You know, a really interesting thought experiment is if you took Naomie Harris’ character for Moonlight and made her the mom in Beale Street and took Sharon from Beale Street and made her the mom in Moonlight. How will that affect the children at the center of those stories? To me, it’s nurture and not so much nature. So it’s just been one of those things that has kept coming up, especially in these two pieces because they were written at the same time.

But in Beale Street, you will see Nicholas Britell, the composer and I, we have named all of the different suites of music after these different stages of love–agape, eros, storge, philia–because in this piece in particular, I think something Baldwin was writing about was how, you know, Black lives in America, from the dawn of America, have always been enshrouded in despair, suffering, and degradation. And yet Black people still have found this way to have joy, love and build family and communities. And I think that love and family join communities, the thing that has buffered us and almost sustained us through the despair and suffering. So it was one of the things I originally saw in this book that I thought was, it was like the reason for the endeavor of translating it and so I’m glad those things reached you.

MA: This film was very much a period piece, but it also speaks to what’s still going on today and you do so well in balancing the love in the Black community with social commentary. How did you go about trying to not have one overshadow the other because they’re so intertwined?

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BJ: That was one of the more challenging aspects of the adaptation. But even the way you framed the question was the thing that originally made me decide on this Baldwin work, not on another Baldwin work. Baldwin had many different voices, but the two most distinct voices were this sensualist who wrote about romance and passion, and love, romantic love, in a very visceral way. But also the other voice was one of the most searing social critics who wrote about America, systemic injustice in America, treatment of Black folks in a very particular way. And in Beale Street Could Talk, I think [he]fuses those two voices in a very interesting way. So there was this idea or this struggle to balance those two things and not have one overwhelm the other. To me the, the love was more important to lean into in a certain way. So it’s not 50/50, but it felt like in Tish’s life, there’s only so much despair she can withstand. And I think in the film, there’s is only so much disparity the audience can withstand and so her emotional states is what dictated the balance of love versus anger, bitterness, and systemic bullshit.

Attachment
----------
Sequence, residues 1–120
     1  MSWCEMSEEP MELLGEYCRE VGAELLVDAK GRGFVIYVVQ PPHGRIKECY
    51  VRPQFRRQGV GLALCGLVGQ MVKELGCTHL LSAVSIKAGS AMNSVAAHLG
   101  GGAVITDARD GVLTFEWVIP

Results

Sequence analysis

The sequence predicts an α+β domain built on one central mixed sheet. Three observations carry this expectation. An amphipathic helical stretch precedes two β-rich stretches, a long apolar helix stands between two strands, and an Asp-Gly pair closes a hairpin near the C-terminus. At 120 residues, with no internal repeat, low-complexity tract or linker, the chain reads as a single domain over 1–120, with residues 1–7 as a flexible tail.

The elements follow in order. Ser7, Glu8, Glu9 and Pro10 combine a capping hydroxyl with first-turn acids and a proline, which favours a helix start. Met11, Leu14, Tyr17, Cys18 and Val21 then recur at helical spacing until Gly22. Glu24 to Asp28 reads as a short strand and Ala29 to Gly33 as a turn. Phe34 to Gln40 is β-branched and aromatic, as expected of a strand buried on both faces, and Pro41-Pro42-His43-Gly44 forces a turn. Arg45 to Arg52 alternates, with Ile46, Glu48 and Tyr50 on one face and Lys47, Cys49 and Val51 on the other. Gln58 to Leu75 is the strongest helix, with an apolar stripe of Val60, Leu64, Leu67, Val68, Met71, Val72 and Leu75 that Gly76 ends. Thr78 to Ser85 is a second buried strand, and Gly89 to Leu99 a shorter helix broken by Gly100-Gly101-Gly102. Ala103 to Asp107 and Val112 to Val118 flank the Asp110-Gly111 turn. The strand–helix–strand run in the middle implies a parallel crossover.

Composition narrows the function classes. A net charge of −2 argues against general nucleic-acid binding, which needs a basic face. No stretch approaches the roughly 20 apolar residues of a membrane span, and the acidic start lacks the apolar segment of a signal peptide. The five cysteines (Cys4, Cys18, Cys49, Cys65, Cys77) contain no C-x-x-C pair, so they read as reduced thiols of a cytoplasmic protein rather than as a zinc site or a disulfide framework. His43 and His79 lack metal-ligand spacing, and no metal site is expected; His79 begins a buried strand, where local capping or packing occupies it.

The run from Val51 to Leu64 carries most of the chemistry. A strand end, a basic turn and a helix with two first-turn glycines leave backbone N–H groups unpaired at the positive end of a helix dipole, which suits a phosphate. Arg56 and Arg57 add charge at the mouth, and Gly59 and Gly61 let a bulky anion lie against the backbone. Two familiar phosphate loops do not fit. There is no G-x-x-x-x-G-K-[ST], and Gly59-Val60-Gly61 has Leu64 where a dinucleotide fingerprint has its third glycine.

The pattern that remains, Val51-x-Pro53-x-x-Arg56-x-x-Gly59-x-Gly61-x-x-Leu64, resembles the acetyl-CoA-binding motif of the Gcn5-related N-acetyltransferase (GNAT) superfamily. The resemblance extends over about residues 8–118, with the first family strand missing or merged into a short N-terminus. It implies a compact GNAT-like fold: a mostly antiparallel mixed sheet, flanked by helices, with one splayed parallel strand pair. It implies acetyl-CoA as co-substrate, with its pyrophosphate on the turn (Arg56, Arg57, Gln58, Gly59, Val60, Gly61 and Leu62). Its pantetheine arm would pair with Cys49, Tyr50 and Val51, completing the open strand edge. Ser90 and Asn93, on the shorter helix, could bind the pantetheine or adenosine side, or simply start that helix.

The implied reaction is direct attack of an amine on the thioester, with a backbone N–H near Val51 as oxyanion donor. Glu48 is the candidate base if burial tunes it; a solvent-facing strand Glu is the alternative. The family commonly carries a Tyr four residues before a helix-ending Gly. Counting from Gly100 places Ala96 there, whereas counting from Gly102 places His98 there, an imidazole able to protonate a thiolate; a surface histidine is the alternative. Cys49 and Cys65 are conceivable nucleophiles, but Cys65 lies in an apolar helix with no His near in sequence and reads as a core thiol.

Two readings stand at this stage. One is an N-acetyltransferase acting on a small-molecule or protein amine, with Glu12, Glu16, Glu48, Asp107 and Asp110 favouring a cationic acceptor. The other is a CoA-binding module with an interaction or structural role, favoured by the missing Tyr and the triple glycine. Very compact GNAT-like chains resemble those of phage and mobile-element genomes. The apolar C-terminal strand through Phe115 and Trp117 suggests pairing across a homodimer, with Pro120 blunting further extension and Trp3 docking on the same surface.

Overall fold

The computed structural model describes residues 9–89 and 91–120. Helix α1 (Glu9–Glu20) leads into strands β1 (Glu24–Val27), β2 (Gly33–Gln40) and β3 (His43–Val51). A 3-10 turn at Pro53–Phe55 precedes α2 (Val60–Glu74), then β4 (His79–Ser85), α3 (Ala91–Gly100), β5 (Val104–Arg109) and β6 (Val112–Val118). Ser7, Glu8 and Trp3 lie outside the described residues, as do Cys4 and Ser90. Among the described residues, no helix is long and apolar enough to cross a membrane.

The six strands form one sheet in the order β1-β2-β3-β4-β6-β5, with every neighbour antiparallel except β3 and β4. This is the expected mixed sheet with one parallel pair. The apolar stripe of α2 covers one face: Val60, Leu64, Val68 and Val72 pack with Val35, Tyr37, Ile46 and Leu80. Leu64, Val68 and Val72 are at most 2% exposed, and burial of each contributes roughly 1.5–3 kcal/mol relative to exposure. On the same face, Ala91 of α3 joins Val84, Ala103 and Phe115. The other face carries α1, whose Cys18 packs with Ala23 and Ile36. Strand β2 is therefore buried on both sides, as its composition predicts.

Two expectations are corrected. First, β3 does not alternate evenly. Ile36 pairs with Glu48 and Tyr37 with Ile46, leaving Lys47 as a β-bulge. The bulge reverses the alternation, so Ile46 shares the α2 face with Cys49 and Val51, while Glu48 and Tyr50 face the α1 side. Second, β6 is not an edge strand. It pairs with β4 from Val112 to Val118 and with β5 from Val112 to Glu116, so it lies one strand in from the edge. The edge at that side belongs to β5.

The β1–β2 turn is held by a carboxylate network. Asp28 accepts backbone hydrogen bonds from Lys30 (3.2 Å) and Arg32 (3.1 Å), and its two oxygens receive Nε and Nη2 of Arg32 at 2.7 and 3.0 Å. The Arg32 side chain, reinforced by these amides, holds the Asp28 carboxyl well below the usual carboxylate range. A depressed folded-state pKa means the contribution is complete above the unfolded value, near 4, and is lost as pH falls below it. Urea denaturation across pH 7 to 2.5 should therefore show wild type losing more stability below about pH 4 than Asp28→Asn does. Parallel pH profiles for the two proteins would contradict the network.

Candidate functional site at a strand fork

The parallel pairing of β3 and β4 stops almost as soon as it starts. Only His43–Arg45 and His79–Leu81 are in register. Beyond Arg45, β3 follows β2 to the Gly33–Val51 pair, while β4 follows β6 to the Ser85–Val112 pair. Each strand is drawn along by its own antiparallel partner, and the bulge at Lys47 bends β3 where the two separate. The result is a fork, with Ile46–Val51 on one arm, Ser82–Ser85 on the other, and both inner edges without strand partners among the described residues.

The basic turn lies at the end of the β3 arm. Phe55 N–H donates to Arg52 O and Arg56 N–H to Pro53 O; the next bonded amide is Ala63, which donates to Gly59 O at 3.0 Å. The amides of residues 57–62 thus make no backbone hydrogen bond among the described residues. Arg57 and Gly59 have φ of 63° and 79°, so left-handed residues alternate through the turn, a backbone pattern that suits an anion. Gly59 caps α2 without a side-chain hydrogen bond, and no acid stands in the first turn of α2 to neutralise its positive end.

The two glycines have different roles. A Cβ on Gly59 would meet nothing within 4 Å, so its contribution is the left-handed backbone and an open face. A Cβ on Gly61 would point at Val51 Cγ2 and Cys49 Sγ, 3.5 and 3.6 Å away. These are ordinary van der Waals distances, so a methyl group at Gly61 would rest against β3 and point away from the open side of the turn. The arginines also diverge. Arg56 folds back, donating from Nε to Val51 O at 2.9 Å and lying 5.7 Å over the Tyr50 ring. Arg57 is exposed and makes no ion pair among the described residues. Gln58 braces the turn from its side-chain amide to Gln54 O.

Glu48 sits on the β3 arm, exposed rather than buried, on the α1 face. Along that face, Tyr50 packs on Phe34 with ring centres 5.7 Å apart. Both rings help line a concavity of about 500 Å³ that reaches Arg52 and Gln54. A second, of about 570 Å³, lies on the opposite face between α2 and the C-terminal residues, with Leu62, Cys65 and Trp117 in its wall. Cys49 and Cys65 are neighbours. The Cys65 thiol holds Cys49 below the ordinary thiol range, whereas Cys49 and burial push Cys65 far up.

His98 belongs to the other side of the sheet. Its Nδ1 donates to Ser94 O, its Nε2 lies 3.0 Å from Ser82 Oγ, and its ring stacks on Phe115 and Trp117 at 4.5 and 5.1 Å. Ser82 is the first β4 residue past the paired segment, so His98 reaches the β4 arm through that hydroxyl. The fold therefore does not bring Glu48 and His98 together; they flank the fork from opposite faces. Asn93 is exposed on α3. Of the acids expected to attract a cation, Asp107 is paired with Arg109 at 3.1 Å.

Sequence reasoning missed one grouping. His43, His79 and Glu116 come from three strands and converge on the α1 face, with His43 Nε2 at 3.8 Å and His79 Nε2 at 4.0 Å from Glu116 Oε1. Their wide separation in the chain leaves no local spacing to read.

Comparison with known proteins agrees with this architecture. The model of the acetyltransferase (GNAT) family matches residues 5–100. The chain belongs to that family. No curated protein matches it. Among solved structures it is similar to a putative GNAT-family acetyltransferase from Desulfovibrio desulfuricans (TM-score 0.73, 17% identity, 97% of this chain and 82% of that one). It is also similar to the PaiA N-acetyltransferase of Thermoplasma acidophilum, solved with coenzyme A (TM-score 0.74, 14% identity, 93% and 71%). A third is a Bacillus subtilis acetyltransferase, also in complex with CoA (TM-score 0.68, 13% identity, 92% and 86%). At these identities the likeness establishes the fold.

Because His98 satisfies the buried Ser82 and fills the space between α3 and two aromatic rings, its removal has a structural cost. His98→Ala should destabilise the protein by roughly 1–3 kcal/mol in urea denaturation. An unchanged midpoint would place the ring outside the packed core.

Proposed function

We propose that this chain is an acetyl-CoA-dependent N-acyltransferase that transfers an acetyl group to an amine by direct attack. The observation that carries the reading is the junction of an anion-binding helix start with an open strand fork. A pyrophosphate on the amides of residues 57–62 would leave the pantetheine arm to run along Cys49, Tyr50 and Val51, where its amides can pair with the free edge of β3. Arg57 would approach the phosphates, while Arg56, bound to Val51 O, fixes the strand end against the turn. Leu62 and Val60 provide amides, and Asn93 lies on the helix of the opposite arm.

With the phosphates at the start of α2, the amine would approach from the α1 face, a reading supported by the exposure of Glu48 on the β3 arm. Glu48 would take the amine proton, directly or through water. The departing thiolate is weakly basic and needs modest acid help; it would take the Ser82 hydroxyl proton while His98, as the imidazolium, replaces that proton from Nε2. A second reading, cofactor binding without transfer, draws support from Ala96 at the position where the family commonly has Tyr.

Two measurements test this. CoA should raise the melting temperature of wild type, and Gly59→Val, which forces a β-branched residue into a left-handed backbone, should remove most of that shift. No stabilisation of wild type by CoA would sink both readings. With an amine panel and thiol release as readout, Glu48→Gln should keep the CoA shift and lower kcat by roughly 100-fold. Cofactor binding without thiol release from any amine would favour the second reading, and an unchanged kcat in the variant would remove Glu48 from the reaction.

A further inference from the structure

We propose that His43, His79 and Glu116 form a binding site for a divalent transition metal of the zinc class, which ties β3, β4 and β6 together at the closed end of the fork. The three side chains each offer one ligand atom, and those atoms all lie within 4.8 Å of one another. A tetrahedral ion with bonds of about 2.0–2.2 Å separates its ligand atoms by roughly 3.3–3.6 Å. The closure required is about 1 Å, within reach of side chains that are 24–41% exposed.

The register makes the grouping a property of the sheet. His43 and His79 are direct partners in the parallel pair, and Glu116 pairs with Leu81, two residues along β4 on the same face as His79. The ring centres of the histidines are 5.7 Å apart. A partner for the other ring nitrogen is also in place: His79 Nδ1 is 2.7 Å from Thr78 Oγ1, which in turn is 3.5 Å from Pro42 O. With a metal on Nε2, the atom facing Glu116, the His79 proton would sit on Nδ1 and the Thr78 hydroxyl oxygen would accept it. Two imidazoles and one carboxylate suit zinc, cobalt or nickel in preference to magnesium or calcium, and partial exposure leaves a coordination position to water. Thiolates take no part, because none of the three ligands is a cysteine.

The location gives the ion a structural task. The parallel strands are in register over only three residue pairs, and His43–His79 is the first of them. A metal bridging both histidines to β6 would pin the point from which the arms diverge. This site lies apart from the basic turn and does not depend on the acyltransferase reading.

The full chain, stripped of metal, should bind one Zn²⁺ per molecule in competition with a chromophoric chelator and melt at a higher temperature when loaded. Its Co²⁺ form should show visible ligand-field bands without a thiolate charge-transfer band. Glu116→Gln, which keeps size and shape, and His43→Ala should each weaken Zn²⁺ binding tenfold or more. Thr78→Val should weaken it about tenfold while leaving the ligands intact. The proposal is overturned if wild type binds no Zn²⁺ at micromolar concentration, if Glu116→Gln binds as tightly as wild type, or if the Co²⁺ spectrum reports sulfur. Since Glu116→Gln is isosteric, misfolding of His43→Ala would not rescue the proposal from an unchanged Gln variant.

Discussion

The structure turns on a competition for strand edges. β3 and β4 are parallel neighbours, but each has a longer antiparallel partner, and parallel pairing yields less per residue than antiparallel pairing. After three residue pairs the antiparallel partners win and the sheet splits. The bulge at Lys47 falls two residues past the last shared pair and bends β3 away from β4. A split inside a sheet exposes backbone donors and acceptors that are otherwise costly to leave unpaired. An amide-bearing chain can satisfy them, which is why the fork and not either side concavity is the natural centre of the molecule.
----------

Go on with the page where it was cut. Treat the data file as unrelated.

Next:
DR: There’s so many Black women within his film and your other films and all the different types of experiences that Black women have gone through. Can you tell us a little bit more about that and also talk to us about the performances with Regina King and Kiki Layne, especially since this is Kiki’s very first feature film?

BJ: Yeah. I mean, I can’t take too much credit for that because both these last two films are kind of like a cheat. I mean one is adapted from Tarell McCraney and this one’s adapted from James Baldwin and so they created these characters and I guess I made the choice to take these things, but the characters reside with them. And you’re right, in Moonlight and especially in Beale Street, there’s just this Cornucopia of all these many varied hued and hearted experiences of Black women and these characters. And it was really wonderful. In Moonlight, there’s a certain level of experience I don’t have a direct proximity to in this film. I am not a woman, James Baldwin’s not a woman. And so when we cast these women, these Black Women: Kiki Layne, Regina King, Aunjanue Ellis, Teyonah Parris… just all these women, I realized very quickly I had to listen. It wasn’t about me as a director telling them what to do. It was about me listening because there were certain things or certain ways they fused the character’s experience that I just never could. And it was a really wonderful process watching two things, watching the women around Kiki really help her through the process because she’s so new.

And then also sort of watching how, over the course of the film, Regina King, plays the mother, Sharon. She’s almost like all knowing. So when [Tish] needs to tell Colman that she’s pregnant, [Sharon] was like, “I’ll do it.” When this act of domestic violence happens, it’s Sharon [who]says “you men leave,” and the first thing she does is lock the door behind them to protect the women, but then she gets to Puerto Rico and all this weight that she’s been carrying, all this weight that I’ve seen these Black women in my life carrying, had to take a toll at a certain point. What I love is that you get to the end of the film and [Tish] who had begun as this very wide-eyed, innocent girl. Now she is the one who has to take care of her family, of Fonny and the child that’s been born. So there was this lovely cycle of these Black women sort of really bringing each other into the space that they almost have to occupy where they grow and become strong and it was lovely. I like it when a process kind of informs what’s happening onscreen because you see Kiki grow up both in the film and behind the camera and the making of it through the aid of all these other Black women.